Thursday, February 15, 2018

ERISA Plan Precluded From Pursuing Recovery From Third Party Settlement Due to Delay

In the case of Carpenter Technology Corp. v. Weida, 2018 W.L. 398297 (E.D. Pa. Jan. 11, 2018 Stengel, C.J.) (Mem. Op.), the court granted a Defendant’s Motion to Dismiss the Plaintiff’s action for equitable relief to enforce the terms and preserve the assets of an Employee Welfare Benefit Plan under the terms of the Employee Retirement Income Security Act (ERISA).  

The court explained that the Plaintiff, Carpenter Technology Corporation Health & Welfare Plan was a self-funded Employee Welfare Benefit Plan.   The plan contained a provision to fulfill ERISA’s requirement that such a plan be established and maintained by a written plan document.  That document contained an expressed provision indicating that Plan participants must fully reimburse the Plan from payments received from a settlement of personal injury claims against third parties.  

By way of further background, the Defendant in this matter was injured in a car accident. The Plan paid medical benefits on the injured party’s behalf.   The injured party filed suit against the tortfeasor and settled that action.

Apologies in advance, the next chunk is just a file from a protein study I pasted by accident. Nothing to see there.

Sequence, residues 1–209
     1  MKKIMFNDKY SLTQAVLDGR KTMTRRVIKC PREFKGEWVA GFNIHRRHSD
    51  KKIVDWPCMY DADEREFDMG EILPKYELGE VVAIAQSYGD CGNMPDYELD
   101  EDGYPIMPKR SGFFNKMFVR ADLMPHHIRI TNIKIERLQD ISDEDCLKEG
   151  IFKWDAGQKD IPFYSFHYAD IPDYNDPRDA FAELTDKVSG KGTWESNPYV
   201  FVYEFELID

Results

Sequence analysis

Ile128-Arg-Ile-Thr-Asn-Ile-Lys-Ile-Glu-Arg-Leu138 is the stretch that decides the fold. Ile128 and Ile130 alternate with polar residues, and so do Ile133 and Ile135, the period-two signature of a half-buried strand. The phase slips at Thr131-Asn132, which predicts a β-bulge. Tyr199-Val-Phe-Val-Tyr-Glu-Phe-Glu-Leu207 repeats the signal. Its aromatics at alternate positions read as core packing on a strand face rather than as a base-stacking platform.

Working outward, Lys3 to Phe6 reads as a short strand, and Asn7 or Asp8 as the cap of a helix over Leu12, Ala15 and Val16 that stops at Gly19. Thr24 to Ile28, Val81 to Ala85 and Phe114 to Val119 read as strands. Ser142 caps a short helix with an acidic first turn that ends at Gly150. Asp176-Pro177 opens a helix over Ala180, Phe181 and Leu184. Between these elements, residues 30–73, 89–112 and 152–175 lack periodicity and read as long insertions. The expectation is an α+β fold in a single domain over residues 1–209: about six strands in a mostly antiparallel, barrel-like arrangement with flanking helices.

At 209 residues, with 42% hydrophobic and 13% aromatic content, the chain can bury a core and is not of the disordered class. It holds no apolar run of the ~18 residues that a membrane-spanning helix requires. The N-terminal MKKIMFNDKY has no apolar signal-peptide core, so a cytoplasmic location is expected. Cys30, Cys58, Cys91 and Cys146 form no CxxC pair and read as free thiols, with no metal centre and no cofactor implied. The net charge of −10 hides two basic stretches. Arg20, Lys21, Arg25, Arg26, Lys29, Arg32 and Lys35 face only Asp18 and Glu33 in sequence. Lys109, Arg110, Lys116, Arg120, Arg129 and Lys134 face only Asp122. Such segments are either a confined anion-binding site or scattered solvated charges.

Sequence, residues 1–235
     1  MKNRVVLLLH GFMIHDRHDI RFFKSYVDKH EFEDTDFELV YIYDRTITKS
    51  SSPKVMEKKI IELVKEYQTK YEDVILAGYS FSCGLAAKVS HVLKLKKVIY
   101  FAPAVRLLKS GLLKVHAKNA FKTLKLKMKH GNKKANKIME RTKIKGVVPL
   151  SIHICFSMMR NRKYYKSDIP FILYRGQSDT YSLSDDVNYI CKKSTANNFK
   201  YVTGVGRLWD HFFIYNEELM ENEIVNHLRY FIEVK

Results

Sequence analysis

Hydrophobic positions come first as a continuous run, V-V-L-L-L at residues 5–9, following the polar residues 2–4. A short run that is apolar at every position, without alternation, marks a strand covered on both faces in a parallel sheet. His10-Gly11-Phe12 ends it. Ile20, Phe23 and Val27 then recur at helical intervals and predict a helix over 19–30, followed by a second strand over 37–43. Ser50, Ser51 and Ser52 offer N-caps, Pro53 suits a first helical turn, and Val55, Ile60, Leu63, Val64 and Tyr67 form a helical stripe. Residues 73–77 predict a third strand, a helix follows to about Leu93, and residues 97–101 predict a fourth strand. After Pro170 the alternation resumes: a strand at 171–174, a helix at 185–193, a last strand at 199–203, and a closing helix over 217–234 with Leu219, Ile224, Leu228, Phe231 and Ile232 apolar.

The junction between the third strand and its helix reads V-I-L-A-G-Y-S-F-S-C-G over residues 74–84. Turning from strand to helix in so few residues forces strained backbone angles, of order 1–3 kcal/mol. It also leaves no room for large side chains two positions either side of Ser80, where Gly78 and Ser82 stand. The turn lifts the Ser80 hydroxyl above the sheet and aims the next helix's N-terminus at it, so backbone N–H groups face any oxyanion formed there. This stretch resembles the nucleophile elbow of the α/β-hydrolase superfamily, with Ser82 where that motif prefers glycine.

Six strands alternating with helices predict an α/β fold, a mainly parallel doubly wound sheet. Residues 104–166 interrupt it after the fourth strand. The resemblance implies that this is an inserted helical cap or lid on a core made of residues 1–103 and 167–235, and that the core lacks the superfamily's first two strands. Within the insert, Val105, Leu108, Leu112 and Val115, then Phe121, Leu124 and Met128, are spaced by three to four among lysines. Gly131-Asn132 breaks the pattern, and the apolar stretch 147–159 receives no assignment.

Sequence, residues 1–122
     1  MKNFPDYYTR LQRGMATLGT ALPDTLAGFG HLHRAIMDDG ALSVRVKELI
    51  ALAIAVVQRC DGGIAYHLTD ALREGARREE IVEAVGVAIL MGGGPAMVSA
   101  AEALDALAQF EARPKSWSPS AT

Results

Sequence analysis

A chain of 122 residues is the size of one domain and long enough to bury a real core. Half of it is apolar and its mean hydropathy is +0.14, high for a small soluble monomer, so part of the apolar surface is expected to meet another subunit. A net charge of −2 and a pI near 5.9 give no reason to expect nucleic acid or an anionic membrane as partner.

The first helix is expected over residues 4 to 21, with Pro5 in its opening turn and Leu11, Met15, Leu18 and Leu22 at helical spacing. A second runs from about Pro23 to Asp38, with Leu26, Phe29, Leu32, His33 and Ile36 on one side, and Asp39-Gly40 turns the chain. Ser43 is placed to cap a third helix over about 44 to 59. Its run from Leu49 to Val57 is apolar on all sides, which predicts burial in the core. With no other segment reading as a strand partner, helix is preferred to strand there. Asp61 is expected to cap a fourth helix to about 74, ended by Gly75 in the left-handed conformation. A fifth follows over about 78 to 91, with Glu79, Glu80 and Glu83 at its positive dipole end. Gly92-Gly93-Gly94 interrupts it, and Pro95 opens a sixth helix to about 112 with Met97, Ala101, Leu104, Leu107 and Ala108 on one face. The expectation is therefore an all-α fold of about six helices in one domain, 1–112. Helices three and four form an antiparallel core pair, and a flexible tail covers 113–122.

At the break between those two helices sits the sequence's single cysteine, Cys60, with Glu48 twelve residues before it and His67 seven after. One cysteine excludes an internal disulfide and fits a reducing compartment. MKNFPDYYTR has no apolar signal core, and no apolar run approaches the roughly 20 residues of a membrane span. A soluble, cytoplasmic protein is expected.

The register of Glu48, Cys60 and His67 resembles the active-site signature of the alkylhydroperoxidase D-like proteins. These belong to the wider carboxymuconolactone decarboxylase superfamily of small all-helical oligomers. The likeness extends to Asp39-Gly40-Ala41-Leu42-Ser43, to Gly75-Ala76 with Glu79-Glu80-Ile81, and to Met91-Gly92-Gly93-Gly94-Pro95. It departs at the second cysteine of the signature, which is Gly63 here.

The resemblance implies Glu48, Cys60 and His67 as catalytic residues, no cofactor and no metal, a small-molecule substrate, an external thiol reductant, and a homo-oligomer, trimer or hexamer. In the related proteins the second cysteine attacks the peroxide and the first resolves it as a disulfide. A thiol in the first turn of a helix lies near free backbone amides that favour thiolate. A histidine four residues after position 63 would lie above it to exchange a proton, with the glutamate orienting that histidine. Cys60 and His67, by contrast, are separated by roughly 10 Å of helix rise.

The Plan then filed this suit asserting that the injured party was in possession of funds that belonged to the Plan and, through this lawsuit, the Plan was attempting to compel the injured party to reimburse the plan from the settlement proceeds.  

The Plan was seeking (1) an Order imposing a constructive trust and/or equitable lien in favor of the Plan against any settlement funds or any property into which the settlement funds had been converted by the injured party; (2) an Order enjoining the injured party from dissipating any of these settlement funds until the Plan’s rights could be adjudicated; (3) an Order enjoining the injured party from transferring or disposing of the settlement funds; and/or reasonable attorney’s fees and costs.  

In response, the injured party Defendant/Plan beneficiary filed the subject motion to dismiss which was granted by the court.  

In granting the Motion to Dismiss, the court noted that the ERISA Plan waited approximately nine (9) months after receiving notice from the injured party’s personal injury attorney of the pending third party settlement distribution before the Plan ever filed this Complaint for equitable relief.  

The Court also noted that, although the language of the Plan entitled the Plaintiff to relief, by the time the Plaintiff had filed this Complaint, the settlement proceeds, which had been deposited into a joint marital account, had already been dissipated.   The court additionally noted that, generally speaking, a joint property is protected from creditors for an individual spouse’s debt.  

Anyone wishing to review a copy of this decision may click this LINK.  The accompanying Order may be viewed HERE.

I send thanks to Attorney Scott Cooper of the Harrisburg law firm of Schmidt Kramer for bringing this case to my attention.

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